The Business Feeling index was compiled from a survey of 315 FT readers at director level and above, establishing that this group is striving for confident optimism as an antidote to wider global uncertainty. This mindset is classed as a combination of company culture, strong communication and proof of expertise for decision makers – imparting a sense of optimism about what a partner can do for the business.
In all, 70% of respondents attributed leadership as the most important element, with 83% naming company culture as the most important attribute in finding a potential partner. Crisis management, far from driving partners apart, can actually be the glue which holds them together, with a further 86% of those polled observing that successful handling of a moment of friction cemented bonds.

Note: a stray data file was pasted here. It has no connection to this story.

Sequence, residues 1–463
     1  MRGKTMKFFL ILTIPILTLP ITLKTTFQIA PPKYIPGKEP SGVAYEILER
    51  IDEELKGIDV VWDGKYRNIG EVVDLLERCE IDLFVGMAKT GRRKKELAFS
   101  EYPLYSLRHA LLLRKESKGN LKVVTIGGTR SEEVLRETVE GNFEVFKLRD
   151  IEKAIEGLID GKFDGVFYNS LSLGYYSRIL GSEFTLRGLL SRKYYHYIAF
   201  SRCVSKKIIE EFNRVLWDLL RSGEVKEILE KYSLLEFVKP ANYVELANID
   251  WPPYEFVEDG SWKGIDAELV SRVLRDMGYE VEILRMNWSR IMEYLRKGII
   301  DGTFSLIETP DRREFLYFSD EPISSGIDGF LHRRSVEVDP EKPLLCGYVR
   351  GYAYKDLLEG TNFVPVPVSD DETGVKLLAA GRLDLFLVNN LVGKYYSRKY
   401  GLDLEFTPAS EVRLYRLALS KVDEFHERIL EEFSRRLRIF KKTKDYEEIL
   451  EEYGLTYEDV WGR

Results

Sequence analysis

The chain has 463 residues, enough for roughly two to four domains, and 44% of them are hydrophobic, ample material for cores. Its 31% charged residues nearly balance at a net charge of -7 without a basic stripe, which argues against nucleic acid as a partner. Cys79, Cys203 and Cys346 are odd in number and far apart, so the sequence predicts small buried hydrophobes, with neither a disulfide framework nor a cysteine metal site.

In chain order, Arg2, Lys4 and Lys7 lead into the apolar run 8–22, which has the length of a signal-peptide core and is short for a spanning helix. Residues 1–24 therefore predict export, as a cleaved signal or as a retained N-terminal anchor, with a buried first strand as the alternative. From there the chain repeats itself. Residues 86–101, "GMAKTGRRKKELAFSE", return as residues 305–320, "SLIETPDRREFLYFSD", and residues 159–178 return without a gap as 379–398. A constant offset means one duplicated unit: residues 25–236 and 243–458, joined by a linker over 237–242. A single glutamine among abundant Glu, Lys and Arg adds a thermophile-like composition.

Elsewhere three-quarters strongly stood by the statement that ‘communication is the connective tissue of a business relationship’ and that 65% wished to walk away from a business relationship with a feeling of accomplishment when a pairing had run its course.
At the other end of the spectrum the key drivers cited as likely to kill optimism were uncertainty (77%), overpromising (69%) and arrogance (also 69%).
Christoph Becker, global chief executive and chief creative officer at Gyro, commented: “The reasons behind the choices we make aren’t easily measured. Real people are tribal and emotional. There is much to learn from the honest responses that Financial Times readers shared with us.
"But one fact is certain: Now, more than ever, marketers must focus on what their customers and prospects are feeling and deliver in a way that makes them feel both confident and optimistic. Human relevance in marketing has never been more valid and more necessary.”